• school glue
  • Elmers glue
  • etc etc
The problem you will have is trying to decide if any of these have been tweaked in any way that may or may not help your project - have they been made waterproof? do they have added gloss? how thick or thin are they? do they have some sort of rapid bond added?  To be honest after years of buying a specific glue for every specific job I have come to the conclusion it really doesn't matter and an all purpose straight forward PVA works just fine.  I do tend to buy white wood glue as that is probably PVA at its thickest - after that I can let it down with water depending on its use,

So I use it for 

  • gluing wood as it is
  • let it down a little bit for paper jobs
  • mix it 50:50 with water if I want to prime a surface before painting
  • watered down for decoupage finishing like you would use mod podge
  • bit thicker for sealing floors and tiles (adding gloss if needed)
  • you can make your own Mod Podge with 1 cup PVA and 1/3rd cup water.  Add water based gloss varnish if you want a shiny finish.
  • the Mod Podge mix also works like Fray Stop and will glue fabric and stop frayed edges.  It won't be waterproof though and so will wash out if you wash the item.
  • I have watered it down a little to use as wallpaper paste but here is my exception to my rule I do prefer border paste already made up for wallpapering it seems to go on easier.

Image result for images B and q border paste
My second glue

Being kind I will give manufacturers the benefit of the doubt and assume they tweak PVA in subtle ways to make a glue for a specific job but as the ones I have used aren't inclined to tell us anywhere what their glue is actually made of I have my doubts and think I am buying PVA with differing degress of water content.

I do use super-glue in any circumstances where PVA won't bond a particular material or where I need an instant and strong grip - like putting up ceiling lights.  It must be gel - the runny stuff is fatal in mini settings.  Any make will do.

Gorilla Gel Superglue 15g
My third glue

If you do have a peculiar job to do - like sticking leather to glass (why would you???) and wonder what glue you might need then I recommend Deluxe Materials.  They have a huge range and their site is full of useful information and any glue I have had from them has been excellent.

Thursday, 14 February 2019

Bedding kit from ELF

Like the mattress, I could make a duvet and pillow set from scratch - basically three stuffed bags - but rummaging through ELF's sale I spotted a set I liked and in an inexpensive kit form.  The colours worked well in my green apartment bedroom and I wouldn't have to lug out my sewing machine or, even worse, spend the days I know I would spend trying to decide which of my zillion fabrics to use.  I dread getting that particular box out.  Roll on making curtains and blinds  ....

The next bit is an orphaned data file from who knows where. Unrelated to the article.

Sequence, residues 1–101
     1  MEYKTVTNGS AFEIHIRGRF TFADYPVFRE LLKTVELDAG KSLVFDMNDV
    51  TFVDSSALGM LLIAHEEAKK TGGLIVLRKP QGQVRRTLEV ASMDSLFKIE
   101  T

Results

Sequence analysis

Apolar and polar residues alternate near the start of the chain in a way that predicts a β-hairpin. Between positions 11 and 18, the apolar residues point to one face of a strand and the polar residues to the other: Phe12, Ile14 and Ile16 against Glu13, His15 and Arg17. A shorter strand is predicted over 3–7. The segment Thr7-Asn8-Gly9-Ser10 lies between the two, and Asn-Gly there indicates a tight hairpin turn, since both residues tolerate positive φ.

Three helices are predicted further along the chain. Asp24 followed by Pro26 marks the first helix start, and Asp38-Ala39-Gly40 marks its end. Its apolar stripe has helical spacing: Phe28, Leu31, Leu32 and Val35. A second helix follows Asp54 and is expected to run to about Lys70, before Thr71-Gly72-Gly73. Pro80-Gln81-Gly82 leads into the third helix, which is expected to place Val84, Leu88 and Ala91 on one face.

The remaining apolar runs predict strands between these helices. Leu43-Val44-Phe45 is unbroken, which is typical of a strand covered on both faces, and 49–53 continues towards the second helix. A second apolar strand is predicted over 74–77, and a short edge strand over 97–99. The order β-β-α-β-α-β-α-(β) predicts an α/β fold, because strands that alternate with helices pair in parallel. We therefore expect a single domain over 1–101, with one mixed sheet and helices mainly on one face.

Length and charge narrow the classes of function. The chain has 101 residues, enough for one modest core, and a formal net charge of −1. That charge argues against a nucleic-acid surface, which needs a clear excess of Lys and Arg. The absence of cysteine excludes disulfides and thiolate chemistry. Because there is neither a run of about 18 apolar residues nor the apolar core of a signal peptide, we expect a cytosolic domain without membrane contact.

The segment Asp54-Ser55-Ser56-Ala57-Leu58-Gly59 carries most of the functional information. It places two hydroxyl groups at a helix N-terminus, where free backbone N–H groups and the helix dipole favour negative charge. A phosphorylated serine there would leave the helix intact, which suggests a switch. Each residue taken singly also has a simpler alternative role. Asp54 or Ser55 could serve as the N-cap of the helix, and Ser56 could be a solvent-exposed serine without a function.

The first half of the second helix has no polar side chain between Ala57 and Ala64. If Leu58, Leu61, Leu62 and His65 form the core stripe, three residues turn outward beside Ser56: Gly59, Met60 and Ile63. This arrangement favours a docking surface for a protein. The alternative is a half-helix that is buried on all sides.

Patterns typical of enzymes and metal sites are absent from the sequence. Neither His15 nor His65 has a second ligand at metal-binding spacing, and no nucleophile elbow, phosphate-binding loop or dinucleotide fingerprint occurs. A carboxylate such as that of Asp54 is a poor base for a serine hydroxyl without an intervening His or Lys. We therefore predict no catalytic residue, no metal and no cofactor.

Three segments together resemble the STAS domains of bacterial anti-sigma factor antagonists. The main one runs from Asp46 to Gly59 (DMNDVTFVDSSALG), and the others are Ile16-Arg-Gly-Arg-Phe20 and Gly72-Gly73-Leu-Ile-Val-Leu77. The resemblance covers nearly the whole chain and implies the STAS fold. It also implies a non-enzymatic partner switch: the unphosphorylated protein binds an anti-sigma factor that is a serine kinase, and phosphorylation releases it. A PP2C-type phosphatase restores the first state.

So, here we are with ELF's bedding kit.  Firstly the fabulously written and illustrated instructions:

Here are the components.  One duvet stitched on three sides, with a small opening to enable you to turn it to the right side and fill it.  The gap is very small and turning it to the right side is a bit fiddly - just have a little patience when you are doing it and it will happen.  There are also two pillows in the pattern fabric and the plain red.  I might make two cream pillows some time as all my real beds have two plain ones to sleep on and two to complain about and chuck on the floor every night..... but the bed looks nice.

First job is to trim all the corners diagonally to remove some of the bulk when you turn the bag to the right side.  On the pillows you don't need to trim the corners at the open edge.

Turn the bags to the right side.  Initially the corners will look like this which clearly won't do.

Use some smooth small object to help you poke out the corners into a sharper shape.  I have sewn for years so I do risk using the points of scissors but you need a gentle and practiced touch to do this without damaging the stitching.  I tried to do this as if it were my first experience of sewing so I pushed out and shaped the corners (from the inside) using the rounded end of a pair of long tweezers.  It worked just fine.  If you had a mini iron and attachments this would be a cinch to do.... more of this later.

Quite definitely iron your pieces flat making sure you pull them gently into the shape you want and that the seams are lying nicely.   A mini iron is perfect for this!!